The first time I was catcalled, I was twelve years old. I was on vacation with my family, walking along the beach with my little brother, when a man around fifty years old yelled at me from afar. He was with a group of roughly five other men his age when he made an inappropriate comment about my body. As most women are taught to do, I completely ignored him and kept walking. Right when I thought it was over, he aggressively yelled to me, “You’re not even gonna look at me, bi*ch?” I felt extremely threatened and scared. Not only did this old man sexualize my pubescent body, but he also screamed at me and called me a bi*ch. I felt violated; I didn’t know how to react. How was I supposed to react?
Throughout my life, I’ve spent a lot of time traveling and have visited many countries worldwide. I have witnessed or experienced catcalling in various ways everywhere I’ve traveled. Catcalling is a form of street harassment, and it happens every day all across the world. Unfortunately, almost all young girls and women have experienced catcalling at some point in their lifetimes. Although I don’t think I will ever fully understand, I have tried to understand why a man might think catcalling is acceptable.
From my personal experiences, I have identified two possible (still unacceptable) explanations for why men may participate in catcalling.
First, I believe some men think catcalling is socially acceptable and that it’s just another way to flirt with women. If a man isn’t confident enough to approach a woman and attempt an appropriate conversation, maybe he thinks saying something in passing will catch a woman’s attention. Catcalling catches a woman’s attention but in a highly uncomfortable and threatening way. It is unlikely that a woman will respond to catcalling by engaging in further conversation with someone who just disrespected her.
Second, when men are in groups or with their friends, they might catcall women to seem macho. When men are together in groups, they often do and say things they wouldn’t if they were alone. As a woman, all catcalling is humiliating and scary, but I feel like getting catcalled by a group of men is significantly more threatening. There is power in numbers, and when it comes to street harassment, it can be genuinely terrifying.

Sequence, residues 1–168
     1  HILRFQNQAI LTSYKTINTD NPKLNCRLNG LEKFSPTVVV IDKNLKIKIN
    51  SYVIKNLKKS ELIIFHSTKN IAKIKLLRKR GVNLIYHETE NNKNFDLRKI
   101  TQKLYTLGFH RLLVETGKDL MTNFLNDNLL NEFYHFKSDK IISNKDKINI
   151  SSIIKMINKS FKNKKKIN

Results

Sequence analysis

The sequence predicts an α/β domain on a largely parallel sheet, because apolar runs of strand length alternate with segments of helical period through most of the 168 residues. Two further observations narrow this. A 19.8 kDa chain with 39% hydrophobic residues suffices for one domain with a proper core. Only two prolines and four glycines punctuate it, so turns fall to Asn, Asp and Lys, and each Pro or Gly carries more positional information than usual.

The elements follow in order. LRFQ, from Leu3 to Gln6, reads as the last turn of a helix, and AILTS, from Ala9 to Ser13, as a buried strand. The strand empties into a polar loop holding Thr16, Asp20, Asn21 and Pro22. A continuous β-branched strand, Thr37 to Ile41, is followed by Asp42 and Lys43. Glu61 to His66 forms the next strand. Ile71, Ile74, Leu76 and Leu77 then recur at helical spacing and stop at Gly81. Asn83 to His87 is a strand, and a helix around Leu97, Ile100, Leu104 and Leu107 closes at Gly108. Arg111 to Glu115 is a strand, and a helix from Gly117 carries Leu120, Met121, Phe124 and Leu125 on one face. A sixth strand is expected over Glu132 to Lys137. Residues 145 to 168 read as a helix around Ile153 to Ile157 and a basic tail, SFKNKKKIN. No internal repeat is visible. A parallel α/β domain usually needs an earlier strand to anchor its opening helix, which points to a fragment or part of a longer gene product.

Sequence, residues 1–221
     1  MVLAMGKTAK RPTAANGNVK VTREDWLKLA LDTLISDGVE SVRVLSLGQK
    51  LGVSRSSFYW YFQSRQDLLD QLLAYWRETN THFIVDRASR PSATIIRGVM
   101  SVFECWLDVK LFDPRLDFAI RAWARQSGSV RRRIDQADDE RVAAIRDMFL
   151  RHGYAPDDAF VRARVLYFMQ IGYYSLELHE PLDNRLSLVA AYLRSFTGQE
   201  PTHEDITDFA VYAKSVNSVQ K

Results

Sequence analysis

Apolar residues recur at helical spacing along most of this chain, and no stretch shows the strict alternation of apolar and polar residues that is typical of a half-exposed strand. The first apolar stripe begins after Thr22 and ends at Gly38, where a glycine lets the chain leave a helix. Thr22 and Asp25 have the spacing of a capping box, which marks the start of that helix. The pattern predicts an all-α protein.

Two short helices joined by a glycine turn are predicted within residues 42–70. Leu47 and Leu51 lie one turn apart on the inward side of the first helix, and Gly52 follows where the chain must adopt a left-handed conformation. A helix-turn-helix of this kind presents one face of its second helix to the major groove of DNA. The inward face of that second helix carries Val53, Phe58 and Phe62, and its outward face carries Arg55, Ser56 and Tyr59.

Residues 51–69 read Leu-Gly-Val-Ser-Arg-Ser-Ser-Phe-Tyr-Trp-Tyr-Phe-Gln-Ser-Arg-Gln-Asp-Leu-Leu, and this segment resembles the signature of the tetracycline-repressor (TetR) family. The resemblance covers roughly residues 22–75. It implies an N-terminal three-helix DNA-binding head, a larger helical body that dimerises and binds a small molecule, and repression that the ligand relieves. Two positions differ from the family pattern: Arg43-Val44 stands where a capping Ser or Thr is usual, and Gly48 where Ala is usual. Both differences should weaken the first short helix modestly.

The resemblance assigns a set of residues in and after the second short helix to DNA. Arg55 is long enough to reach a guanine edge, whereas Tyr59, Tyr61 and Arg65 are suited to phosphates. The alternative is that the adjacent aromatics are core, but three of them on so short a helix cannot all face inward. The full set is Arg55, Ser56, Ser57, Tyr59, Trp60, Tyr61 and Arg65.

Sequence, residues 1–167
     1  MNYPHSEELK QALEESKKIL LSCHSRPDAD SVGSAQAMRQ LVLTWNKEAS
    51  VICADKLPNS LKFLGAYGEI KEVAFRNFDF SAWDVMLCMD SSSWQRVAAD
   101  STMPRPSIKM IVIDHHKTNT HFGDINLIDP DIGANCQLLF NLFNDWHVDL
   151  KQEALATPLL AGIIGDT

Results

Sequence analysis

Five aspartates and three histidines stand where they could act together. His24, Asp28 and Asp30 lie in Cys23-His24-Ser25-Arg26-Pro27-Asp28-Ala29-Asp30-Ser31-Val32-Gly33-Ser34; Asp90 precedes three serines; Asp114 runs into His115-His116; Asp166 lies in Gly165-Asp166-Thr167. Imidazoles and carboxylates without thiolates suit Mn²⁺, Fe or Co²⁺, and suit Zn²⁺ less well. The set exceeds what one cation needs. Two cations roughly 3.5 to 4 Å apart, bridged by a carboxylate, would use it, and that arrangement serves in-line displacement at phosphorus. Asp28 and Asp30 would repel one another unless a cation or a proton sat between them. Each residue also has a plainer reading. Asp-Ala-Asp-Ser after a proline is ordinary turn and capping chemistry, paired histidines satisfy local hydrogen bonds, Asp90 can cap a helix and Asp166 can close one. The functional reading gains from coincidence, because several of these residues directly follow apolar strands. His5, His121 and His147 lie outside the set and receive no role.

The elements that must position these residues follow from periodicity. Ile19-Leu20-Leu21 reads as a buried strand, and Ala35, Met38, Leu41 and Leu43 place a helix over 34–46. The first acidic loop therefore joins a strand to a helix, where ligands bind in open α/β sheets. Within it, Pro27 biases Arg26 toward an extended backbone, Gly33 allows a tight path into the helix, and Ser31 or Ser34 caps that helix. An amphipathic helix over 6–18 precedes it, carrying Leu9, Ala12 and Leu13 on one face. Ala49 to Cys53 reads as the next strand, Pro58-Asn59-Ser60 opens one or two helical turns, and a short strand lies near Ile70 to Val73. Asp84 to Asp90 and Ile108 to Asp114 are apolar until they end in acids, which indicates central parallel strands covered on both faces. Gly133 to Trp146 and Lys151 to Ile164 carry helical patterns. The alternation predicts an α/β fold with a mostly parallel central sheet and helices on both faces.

No matter what the explanation may be, catcalling is inappropriate, disrespectful, and a violation of women. Catcalling can lead to sexual violence and physical assault, which no woman should ever have to experience. So what can we do about this ongoing issue? Although I don’t have all the answers, I have some advice for any woman witnessing or experiencing street harassment:
- If you find yourself in a situation where you’re a victim of catcalling, ignore the perpetrator as best as you can. Avoid all eye contact and remove yourself from the situation as quickly and safely as possible. Harassers want you to acknowledge them, so don’t.
- If you experience catcalling and you are around a group of people and feel safe, take your phone out and very obviously take a picture or video of the perpetrator. (I’ve done this countless times. They get so uncomfortable and don’t know how to react— it’s great.)
- If you witness someone experiencing street harassment, you can kindly approach the victim and ask them if they are okay and need help.
- If you are in a situation where someone won’t leave you alone, and you feel unsafe, don’t be afraid to call for help. Remember, street harassment is illegal in most states in the US as well as in many other countries.
I wish that I had more answers and advice for you all. Catcalling is truly dehumanizing, and I wish there was more that we could do as women to prevent this from happening. I want to hear from my readers: what advice do you have for women that experience or witness street harassment?